What a Lovely Day

As promised earlier today, here is the first post in an endless row of positive posts about success in data quality improvement.

This beautiful morning I finished yet another of these nice recurring jobs I do from time to time: Deduplicating bunches of files ready for direct marketing making sure that only one, the whole one and nothing but one unique message reaches a given individual decision maker, be that in the online or offline mailbox.

Most jobs are pretty similar and I have a fantastic tool that automates most of the work. I only have the pleasure to learn about the nature of the data and configure the standardisation and matching process accordingly in a user friendly interface. After the automated process I’m enjoying looking for any false positives and checking for false negatives. Sometimes I’m so lucky that I have the chance to repeat the process with a slightly different configuration so we reach the best result possible.

It’s a great feeling that this work reduces the costs of mailings at my clients, makes them look more smart and professional and facilitates that correct measure of response rates that is so essential in planning future even better direct marketing activities.

But that’s not all. I’m also delighted to be able to have a continuing chat about how we over time may introduce data quality prevention upstream at the point of data entry so we don’t have to do these recurring downstream cleansing activities any more. It’s always fascinating going through all the different applications that many organisations are running, some of them so old that I didn’t dream about they existed anymore. Most times we are able to build a solution that will work in the given landscape and anyway soon the credit crunch is totally gone and here we go.

I’ll be back again with more success from the data quality improvement frontier very soon.

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6 thoughts on “What a Lovely Day

  1. John Owens 15th July 2010 / 05:02

    Beautifully written, Henrik,

    It really is a great feeling when you have found and removed so many errors. I remember it well. Such a sense of achievement!

    However, this presents us with the Great Data Quality Dilemma!

    Do we really want to deprive so many data quality practitioners of this wonderful sense of achievement by removing all data errors at source?

    And what about all of the developers and vendors of clever software that helps us find and remove these errors? Will they all go out of business?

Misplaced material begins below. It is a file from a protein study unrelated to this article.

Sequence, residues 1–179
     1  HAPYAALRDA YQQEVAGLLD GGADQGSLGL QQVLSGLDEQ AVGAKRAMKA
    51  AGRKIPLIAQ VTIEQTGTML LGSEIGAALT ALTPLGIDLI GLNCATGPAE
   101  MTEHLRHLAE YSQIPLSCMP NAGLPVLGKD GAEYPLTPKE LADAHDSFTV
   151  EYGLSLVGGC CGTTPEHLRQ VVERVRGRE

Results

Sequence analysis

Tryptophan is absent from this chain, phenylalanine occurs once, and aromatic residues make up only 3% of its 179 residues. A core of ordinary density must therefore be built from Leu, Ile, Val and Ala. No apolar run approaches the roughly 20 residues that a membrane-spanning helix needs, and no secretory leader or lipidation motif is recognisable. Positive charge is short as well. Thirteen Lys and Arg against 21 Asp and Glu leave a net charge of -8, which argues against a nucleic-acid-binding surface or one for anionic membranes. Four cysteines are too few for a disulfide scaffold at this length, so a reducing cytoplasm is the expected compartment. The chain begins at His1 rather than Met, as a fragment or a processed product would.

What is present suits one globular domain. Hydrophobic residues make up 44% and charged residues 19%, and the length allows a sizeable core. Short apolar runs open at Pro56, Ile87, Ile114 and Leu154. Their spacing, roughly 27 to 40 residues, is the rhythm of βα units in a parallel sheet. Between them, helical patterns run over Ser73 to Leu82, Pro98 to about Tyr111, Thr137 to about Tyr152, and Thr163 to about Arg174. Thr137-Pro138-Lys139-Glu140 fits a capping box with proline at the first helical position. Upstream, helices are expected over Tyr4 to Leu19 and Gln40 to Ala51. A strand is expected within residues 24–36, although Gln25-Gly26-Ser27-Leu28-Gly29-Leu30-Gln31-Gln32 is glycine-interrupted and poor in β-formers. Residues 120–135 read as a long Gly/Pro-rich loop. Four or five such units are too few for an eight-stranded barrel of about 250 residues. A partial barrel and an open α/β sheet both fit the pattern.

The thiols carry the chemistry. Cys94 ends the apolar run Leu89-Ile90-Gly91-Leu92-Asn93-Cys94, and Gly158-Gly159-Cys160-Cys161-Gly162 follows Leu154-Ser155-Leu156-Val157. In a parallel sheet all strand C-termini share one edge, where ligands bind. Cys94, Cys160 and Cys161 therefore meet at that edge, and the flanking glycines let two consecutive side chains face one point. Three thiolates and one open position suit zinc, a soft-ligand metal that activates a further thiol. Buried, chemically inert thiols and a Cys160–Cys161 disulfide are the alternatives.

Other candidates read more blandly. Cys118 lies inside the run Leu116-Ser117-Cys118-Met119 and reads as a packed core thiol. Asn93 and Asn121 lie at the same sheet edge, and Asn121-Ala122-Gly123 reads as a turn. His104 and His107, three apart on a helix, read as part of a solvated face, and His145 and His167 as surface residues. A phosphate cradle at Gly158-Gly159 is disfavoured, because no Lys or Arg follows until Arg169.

Truly a dilemma! Is Data Quality Assurance, with zero data defects, worth the price?

    Having practiced it, I am happy to report that it is.

    The sense of achievement to be had from designing, building and implementing quality systems is immense. You will have to enjoy it quietly though as there is no razzmatazz. The systems simply work properly from day one. No errors to report, no errors to be corrected.

    However, the feeling to be had from seeing the users of the system, and the enterprise as a whole, enjoying the benefits of using a truly quality system are immeasurable.

    What about the developers of the clever software? No problem. The same clever tricks they now use to find and rectify data errors will be designed into the systems being built and so prevent data errors ever getting into the databases.

    I have heard many people claim that zero data defects is “pie in the sky”. It is not. When a person says this they are really saying “I don’t know how to do it”. They probably don’t, but it does not mean that it cannot be done.

    Once again, a great post, Henrik.


  2. Henrik Liliendahl Sørensen 15th July 2010 / 06:03

    Thanks John. Right on. One of the things I do besides the joyful purging and merging of all these duplicates is actually participating in making astonishing components for solutions that will prevent having the duplicates in the first place. I am planning to include the happy resulting success stories in future postings.

  3. Daryl Swinden 15th July 2010 / 09:07

    Another good post Henrik.

    I’m right with you here. There’s nothing quite like the feeling of satisfaction when a database is a happy database again is there?

    Not so sure about the Great Data Quality Dilemma though John.

    I’m of the view that there are so many companies that have issues with data quality that our job is to help them all! Fix it now, implement ongoing prevention and relax. Our work here is done.



  4. Henrik Liliendahl Sørensen 15th July 2010 / 10:08

    Thanks Daryl. I like the term ”Happy Database” 🙂

  5. Nigel Thomas 15th July 2010 / 11:41

    Yep, i get my kicks from transforming how we create and manage global data in my company. I advocate maximising good data quality at the point of creation, in order to minimise downstream costs for rectification. Interestingly these downstream ‘cleansing’ activities are often seen as data quality actions, when in fact they are all part of the cost and consequence of ‘bad data’ (of course they provide value and benefit versus not performing at all, however in an ideal world they would be minimised).

    Henrik, i’d be interested to hear about your ‘components that help prevent duplicates in the first’ – particularly thoughts on managing in a multi-channel environment and the integration of customer data across an enterprise.

    Regards, Nigel

  6. Henrik Liliendahl Sørensen 15th July 2010 / 12:07

    Thanks Nigel.

    The core features of the components I’m involved with developing includes:
    • Enterprise data mashups with external reference data (from the cloud)
    • Assigning external ID’s wherever possible and make subscriptions for changes
    • Using error tolerant search

    Some more information in the post Data Quality is an Ingredient, not an Entrée.

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